ATHENS, Greece (AP) -- Greek youths hurled rocks and Molotov cocktails at riot police in Athens on Friday, who responded with stun grenades and tear gas. Despite seven straight days of unrest, Greece's prime minister rebuffed calls to resign and hold early elections.
Terrified workers in banks along Athens' central Syntagma Square watched in fear as protesters shattered windows just replaced days ago after being damaged in the worst riots Greece has experienced in decades.
Protesters also smashed their way into the main branch of the National Bank of Greece, sending employees fleeing in panic Friday. One protester walked up to the Tomb of the Unknown Soldier outside Parliament and threw a black-and-red anarchist flag at it.
The riots broke out within hours of the police shooting death of 15-year-old Alexandros Grigoropoulos death last Saturday, and have since expanded to encompass general anger over economic hardship. Hundreds of stores and dozens of cars have been destroyed or damaged in cities across the country.
The violence has hammered Prime Minister Costas Karamanlis' increasingly conservative government, which already faced vociferous opposition to economic and social reforms.
Karamanlis, whose party has only a single seat majority in parliament, explicitly rejected mounting calls for him to resign and call early elections, saying Friday that the country needed a steady hand in times of crisis.
"That is my concern and the concern and the priority of the government, and not scenarios about elections and successions," Karamanlis said in Brussels, where he was attending an European Union leaders meeting on climate change.
Protesters, occupying high schools and universities, are demanding a reversal of public spending cuts, the resignation of the country's Interior Minister, and the release from custody of arrested riot suspects.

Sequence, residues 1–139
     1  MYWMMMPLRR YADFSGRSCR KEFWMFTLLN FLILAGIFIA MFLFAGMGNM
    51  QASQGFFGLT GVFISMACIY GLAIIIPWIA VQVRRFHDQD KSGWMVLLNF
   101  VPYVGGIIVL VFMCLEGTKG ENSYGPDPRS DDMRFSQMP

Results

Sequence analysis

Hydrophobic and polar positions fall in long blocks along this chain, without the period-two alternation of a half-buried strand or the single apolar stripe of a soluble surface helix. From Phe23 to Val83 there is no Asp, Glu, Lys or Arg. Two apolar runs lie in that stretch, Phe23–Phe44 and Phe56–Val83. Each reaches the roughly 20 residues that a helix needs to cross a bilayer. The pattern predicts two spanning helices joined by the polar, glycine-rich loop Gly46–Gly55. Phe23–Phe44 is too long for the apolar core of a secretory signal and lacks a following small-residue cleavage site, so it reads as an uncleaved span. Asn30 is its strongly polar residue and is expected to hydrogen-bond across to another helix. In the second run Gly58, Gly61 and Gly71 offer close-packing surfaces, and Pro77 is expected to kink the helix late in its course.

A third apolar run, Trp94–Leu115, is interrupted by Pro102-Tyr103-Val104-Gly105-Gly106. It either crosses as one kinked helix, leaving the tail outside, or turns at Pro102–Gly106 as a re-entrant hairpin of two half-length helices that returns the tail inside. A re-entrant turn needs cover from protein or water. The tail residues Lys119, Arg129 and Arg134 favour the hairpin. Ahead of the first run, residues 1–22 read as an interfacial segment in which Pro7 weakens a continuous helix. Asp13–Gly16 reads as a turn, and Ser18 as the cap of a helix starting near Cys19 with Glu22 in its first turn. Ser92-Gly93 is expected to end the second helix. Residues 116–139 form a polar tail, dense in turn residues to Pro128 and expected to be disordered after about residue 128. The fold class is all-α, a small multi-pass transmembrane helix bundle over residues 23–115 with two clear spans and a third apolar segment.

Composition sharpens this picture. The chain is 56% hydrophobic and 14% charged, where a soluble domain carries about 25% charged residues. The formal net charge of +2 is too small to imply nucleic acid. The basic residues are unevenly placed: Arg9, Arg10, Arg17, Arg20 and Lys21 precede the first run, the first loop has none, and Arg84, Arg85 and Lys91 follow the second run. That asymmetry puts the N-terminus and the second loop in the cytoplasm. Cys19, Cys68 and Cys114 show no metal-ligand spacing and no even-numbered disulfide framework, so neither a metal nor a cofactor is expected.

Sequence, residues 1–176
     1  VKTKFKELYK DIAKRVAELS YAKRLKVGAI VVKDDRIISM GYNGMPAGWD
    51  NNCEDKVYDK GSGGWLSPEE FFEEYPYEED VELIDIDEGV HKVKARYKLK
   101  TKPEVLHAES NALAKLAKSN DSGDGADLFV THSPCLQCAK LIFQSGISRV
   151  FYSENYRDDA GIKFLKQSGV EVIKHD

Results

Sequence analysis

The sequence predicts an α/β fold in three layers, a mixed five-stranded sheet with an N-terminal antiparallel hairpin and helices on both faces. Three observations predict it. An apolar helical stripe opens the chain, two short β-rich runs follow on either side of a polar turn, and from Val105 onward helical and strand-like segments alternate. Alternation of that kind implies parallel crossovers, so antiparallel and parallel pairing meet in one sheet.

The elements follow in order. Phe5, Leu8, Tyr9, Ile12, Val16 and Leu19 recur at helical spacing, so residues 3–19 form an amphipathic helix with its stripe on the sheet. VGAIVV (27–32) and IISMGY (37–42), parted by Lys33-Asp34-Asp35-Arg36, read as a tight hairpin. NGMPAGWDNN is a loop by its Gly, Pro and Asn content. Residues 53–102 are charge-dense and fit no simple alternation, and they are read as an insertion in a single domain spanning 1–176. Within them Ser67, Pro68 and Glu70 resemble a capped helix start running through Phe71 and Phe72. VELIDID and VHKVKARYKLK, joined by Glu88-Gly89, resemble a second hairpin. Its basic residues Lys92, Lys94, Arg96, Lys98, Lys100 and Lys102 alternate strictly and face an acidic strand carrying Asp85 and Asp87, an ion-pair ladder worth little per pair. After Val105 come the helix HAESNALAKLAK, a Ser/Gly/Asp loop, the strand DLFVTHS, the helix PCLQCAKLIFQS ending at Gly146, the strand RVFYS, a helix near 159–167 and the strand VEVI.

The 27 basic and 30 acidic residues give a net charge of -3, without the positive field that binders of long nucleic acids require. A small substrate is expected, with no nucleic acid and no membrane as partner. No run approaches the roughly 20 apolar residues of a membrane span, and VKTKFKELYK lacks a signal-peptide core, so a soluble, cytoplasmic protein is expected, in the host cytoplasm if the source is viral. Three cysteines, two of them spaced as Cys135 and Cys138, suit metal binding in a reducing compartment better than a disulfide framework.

About 100 people have been arrested during the riots and 70 injured.
Authorities said protesters also briefly occupied a private Athens radio station on Friday and read a statement on the air. A municipal building in the northwestern city of Ioannina were also occupied.
"What started as an outburst of rage over Alexandros' killing is now becoming a more organized form of protest," said Petros Constantinou, an organizer with the Socialist Workers Party.
The two police officers involved in the shooting have been jailed pending trial, one for murder and the other as an accomplice. They claim they had been attacked by a group of youths and that one of the officers had fired warning shots, but witnesses have disputed the claim.
The officers' defense lawyer, Alexis Cougias, has said ballistics testing of the bullet that killed Grigoropoulos showed it had ricocheted. The ballistics report has not been released.
Deputy Minister for Public Order Panayiotis Chinofotis said Friday that police would review their firearms policy.
"I have no objection to a major review ... of the (police) use of firearms," he said in Parliament. "We must be realistic, this is a situation that has requires extensive study and not political exploitation."
The unrest has also spilled over into other European cities, raising concerns the clashes could be a trigger for opponents of globalization, disaffected youth and others outraged by the continent's economic turmoil and soaring unemployment.
Students and other protest groups say they will hold daily marches and roadblocks in the capital next week.
Despite the rioting, Justice Ministry officials said Friday the government will proceed with plans to release some 5,000 inmates, or about 40 percent of Greece's prison population, starting this month. That move follows a mass hunger strike staged by inmates last month to protest overcrowding.